El Nino is over, fini, or at least so we're told by officials of the National Ocean and Atmospheric Administration. The El Nino weather pattern is associated with unusual warming in the eastern area of the mid-Pacific. La Nina, the ugly stepsister, is triggered by cooling of the equatorial Pacific region.
La Nina spells possible trouble, particularly to southern parts of the US. It typically means more hurricanes in the Atlantic, fewer in the Pacific, less rain and more heat for the already drought-stricken South, and a milder spring and summer in the north, Lautenbacher said. The central plains of the United States tend be drier in the fall during La Ninas, while the Pacific Northwest tends to be wetter in the late fall and early winter.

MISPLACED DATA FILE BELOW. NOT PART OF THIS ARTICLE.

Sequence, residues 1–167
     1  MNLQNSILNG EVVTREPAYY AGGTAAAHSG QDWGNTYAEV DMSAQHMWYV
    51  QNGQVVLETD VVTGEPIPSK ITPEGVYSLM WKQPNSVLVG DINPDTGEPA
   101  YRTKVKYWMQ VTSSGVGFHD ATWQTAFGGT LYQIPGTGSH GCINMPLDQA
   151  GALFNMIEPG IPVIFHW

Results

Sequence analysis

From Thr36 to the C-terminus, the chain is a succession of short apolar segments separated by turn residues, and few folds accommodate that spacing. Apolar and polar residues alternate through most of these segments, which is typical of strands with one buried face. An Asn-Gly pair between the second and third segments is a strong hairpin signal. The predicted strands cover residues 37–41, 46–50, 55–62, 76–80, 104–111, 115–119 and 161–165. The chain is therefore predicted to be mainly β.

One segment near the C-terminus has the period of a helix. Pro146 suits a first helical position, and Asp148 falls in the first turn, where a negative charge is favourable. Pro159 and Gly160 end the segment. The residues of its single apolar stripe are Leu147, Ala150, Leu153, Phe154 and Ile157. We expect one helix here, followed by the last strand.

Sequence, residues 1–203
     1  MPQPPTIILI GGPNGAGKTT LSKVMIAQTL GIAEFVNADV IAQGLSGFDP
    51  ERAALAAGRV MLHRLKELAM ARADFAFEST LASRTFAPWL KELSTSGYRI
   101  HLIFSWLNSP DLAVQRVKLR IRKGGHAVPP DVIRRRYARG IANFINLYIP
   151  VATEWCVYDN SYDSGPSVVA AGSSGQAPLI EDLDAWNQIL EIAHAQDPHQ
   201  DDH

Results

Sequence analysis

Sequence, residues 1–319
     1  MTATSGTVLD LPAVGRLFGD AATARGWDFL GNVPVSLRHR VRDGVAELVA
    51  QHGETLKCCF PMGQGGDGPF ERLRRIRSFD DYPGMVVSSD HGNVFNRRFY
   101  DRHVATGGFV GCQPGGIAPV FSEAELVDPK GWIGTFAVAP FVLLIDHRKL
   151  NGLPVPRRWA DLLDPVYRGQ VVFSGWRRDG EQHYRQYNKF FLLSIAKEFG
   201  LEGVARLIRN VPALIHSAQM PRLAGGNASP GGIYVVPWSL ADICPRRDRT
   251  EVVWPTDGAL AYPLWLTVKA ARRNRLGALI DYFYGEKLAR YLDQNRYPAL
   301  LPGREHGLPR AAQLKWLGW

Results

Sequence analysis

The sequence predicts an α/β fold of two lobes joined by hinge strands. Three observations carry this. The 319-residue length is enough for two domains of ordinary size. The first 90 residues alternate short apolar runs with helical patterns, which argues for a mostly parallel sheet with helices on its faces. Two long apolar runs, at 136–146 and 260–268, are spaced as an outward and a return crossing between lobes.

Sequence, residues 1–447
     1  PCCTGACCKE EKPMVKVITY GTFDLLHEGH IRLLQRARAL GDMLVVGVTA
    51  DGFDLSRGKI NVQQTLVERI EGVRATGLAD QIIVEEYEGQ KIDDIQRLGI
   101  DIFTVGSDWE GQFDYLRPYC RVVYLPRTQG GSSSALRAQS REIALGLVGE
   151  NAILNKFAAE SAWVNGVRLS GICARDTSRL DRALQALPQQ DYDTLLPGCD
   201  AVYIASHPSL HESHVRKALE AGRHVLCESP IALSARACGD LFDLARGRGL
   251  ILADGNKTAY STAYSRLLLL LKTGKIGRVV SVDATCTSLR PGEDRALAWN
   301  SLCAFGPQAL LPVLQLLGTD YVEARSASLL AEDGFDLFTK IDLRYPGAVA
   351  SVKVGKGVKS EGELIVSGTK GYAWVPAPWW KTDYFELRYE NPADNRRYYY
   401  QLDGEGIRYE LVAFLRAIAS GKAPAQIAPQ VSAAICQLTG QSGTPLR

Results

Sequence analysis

La Nina conditions are typically milder than El Nino's heavy rainfalls and landslides.